Education Policy | Post Primary | Preschool | Primary | Tertiary | Search

 


EIT Appoints First Honorary Research Fellow

Media Release

EIT Appoints First Honorary Research Fellow

Wine industry researcher, teacher and founder of Hawke’s Bay’s Cross Roads winery Malcolm Reeves has been appointed EIT’s first honorary research and teaching fellow.

Reeves, recently retired as a senior lecturer in wine science at EIT, will maintain his links to the industry with the fellowship, contributing on an ad hoc basis to the research activity of EIT colleagues and assisting as required with the development of wine science teaching programmes.

He will deliver a few further lectures to EIT’s wine science degree students this year as other staff take over his high-level workload, and expects to continue his annual trips to the China Agricultural University in Beijing where he was been an invited visiting professor every year since 2009.

“I see benefit in maintaining a profile for EIT and for myself,” he says. “More importantly I hope to be research active, enjoying my retirement by keeping up with the literature.”

Something of a Renaissance man, Reeves has turned his talents to many areas in the industry, from designing his own winery to exploring the intricacies of wine chemistry.

After gaining a Master of Technology (Food), he ran a plant in Sydney that was among the first to make speciality yeast for the wine industry. Winemaking stints with McWilliams in Australia’s Hunter Valley and Louis Martini in California’s Napa Valley whetted his appetite for further industry involvement.

A devotee of Hawke’s Bay’s Cabernets and Merlots, Reeves left a position lecturing in food technology at Massey University to establish and run Cross Roads in Korokipo Road, making the winery’s first vintage in 1990. He continues to closely guard the secret blend of the flagship red Talisman – a wine still produced by the company, now owned by the Yealands Wine Group.

Reeves was employed by EIT as a part-time academic in 1997 and moved to a full-time position in 2002. An authority on wine education in China, he has regularly co-authored papers with College of Food Science and Nutritional Engineering staff at China Agricultural University.

“I still have links with China and CAU and will be returning to deliver presentations for a year or two yet.”

Over the last five or six years, he filled a leadership and mentoring role within EIT’s School of Applied Science, helping to build the Viticulture and Wine School’s research profile by encouraging other academics and contributing himself to research projects.

“International applicants want opportunities for academic research as well as to teach – they see that as part of what they want to do. That, in turn, is reflected in staff retention and the quality of teaching.

“Usually local applicants for degree teaching positions also want to be research active because of the enhancement that provides in their teaching.”

EIT’s researchers have developed strong links to Hawke’s Bay winegrowers, Reeves says, and the team’s work has been recognised in New Zealand Winegrowers’ funding for significant research aimed at benefitting the industry.

EIT research projects examining aspects of canopy management and water utilisation and others involving red wine fermentation cap management and tannin extraction have been undertaken with support from local grape growers and wineries.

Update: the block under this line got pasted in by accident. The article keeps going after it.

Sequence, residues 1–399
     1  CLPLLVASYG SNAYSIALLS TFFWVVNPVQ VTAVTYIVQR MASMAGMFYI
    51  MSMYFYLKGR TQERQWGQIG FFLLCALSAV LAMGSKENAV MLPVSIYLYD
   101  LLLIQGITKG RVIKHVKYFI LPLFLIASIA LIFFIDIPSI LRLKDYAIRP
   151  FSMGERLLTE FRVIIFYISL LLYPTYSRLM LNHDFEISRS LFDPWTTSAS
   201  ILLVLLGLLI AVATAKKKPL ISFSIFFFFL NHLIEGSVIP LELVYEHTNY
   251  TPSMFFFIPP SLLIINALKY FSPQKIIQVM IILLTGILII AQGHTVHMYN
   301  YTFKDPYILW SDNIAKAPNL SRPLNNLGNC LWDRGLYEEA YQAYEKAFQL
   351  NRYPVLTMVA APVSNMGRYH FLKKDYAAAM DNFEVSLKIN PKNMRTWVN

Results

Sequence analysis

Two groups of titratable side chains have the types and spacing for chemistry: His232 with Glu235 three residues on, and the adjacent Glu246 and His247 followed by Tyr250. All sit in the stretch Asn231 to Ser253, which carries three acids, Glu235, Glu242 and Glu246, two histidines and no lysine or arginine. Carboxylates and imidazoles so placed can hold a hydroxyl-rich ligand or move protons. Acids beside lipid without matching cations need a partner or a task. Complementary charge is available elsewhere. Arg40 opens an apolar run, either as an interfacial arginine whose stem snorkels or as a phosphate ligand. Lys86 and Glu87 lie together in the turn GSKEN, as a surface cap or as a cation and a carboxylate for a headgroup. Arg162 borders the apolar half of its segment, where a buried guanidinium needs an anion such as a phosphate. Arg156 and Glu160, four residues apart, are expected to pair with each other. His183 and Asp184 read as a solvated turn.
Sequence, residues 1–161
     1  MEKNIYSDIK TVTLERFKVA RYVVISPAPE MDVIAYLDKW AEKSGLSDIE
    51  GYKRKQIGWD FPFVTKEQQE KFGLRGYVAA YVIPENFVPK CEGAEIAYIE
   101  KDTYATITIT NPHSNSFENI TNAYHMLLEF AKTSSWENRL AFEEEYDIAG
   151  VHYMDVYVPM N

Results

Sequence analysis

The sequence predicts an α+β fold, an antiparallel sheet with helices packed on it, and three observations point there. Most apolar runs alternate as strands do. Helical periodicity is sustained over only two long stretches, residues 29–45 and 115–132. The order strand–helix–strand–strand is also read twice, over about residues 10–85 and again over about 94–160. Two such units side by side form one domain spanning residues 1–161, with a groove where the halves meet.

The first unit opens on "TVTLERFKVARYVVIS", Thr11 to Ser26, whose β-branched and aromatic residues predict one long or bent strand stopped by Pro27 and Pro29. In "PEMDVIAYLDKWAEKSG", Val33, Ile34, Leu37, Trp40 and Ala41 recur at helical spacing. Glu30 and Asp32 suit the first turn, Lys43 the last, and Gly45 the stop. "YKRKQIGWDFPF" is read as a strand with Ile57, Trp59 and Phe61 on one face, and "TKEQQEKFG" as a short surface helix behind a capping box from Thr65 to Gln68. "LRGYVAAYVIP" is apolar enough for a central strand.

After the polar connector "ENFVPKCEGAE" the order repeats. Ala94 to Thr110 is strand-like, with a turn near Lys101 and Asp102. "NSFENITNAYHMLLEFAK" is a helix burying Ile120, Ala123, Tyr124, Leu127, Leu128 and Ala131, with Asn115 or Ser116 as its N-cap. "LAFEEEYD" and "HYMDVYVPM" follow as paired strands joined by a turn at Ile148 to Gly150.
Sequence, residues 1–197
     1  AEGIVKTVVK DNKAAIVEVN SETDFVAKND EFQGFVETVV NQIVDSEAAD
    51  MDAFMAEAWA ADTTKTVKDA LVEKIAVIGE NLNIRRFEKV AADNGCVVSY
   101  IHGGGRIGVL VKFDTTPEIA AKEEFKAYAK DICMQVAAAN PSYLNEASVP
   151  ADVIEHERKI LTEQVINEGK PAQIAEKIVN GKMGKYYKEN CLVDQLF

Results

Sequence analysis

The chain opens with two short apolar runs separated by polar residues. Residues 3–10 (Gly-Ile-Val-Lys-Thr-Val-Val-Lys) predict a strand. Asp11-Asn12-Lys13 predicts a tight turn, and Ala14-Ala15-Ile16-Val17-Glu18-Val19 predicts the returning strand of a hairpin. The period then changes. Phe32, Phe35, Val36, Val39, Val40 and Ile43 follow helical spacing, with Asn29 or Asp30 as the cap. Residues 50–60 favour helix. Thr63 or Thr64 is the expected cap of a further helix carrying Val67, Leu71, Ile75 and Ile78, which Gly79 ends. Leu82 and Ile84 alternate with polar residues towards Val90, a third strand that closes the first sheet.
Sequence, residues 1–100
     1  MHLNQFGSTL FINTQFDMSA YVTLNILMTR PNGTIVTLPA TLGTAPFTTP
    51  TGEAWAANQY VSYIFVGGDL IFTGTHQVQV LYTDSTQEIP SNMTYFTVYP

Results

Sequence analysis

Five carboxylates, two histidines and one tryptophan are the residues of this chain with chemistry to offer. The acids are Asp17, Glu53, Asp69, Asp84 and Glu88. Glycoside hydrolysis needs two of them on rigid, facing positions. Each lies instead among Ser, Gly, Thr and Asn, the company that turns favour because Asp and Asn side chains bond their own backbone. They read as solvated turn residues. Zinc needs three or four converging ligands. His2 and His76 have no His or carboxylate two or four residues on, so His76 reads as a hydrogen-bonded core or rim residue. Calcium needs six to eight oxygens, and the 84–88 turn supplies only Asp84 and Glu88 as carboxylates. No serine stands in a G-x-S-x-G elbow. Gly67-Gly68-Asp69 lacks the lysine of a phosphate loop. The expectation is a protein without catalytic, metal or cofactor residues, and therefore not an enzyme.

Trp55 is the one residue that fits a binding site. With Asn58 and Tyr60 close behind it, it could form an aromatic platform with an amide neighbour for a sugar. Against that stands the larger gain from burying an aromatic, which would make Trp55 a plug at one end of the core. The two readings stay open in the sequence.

ENDS

© Scoop Media

 
 
 
 
 
Culture Headlines | Health Headlines | Education Headlines

 

August 4: Centenary Of New Zealand Entering The First World War

PM John Key: I move, that this House recognise that on the 4th of August 2014, we will mark the centenary of New Zealand entering the First World War... More>>

ALSO:

Cyclists Net First NZ Gold

New Zealand won a gold meal and two bronzes on the first day of the Commonwealth Games. There was joy and heartbreak in an incredibly full day of sport. Here's how the New Zealanders fared. More>>

Cap Bocage: Anti-Mining Campaign Doco Debuts At NZ Film Festival

Playing at this year’s New Zealand International Film Festival, Cap Bocage is a close-up exploration of the forces that came into play when environmental issues and indigenous rights became intertwined in New Caledonia ... More>>

Film Fest:

More Film:

Sharon Ellis Review: A View From The Bridge

Arthur Miller’s A View From the Bridge is Circa’s latest big production, it opened on Saturday 19 July and it is a stunning triumph. More>>

Māori Language Week: He Karanga Kia Kaha Ake Te Tīhau Ki Te Reo Māori

The Māori Language Commission wishes to see social media swamped with Māori language tweets and messages for Te Wiki o te Reo Māori using the hashtag #tekupu. More>>

ALSO:

Book Vote: Kiwis Prefer Young Adult & Classics

To compile their Top 100 List for 2014, Whitcoulls again asked New Zealanders to vote for their favourite books and authors. And while classic novels continue to appeal to Kiwi readers, 2014 marks a significant new trend – the increasing popularity of novels for young adults. More>>

ALSO:

Five NZ Cities: Bill Bailey Back To The Southern Hemisphere

The gap between how we imagine our lives to be and how they really are is the subject of Bill’s new show Limboland. With his trademark intelligence and sharp wit, he tells tales of finding himself in this halfway place. More>>

Scoop Review Of Books: Book Television Is Coming

Carole Beu of The Women’s Bookshop in Auckland, Graham Beattie of The Book Blog and producer Deb Faith of FaceTV have raised enough money via crowd funding at Boosted – just under $7,000 so far – for 12 episodes, which begin production in September, and will be on screen later that month. More>>

Get More From Scoop

 
 

LATEST HEADLINES

 
 
 
 
Education
Search Scoop  
 
 
Powered by Vodafone
NZ independent news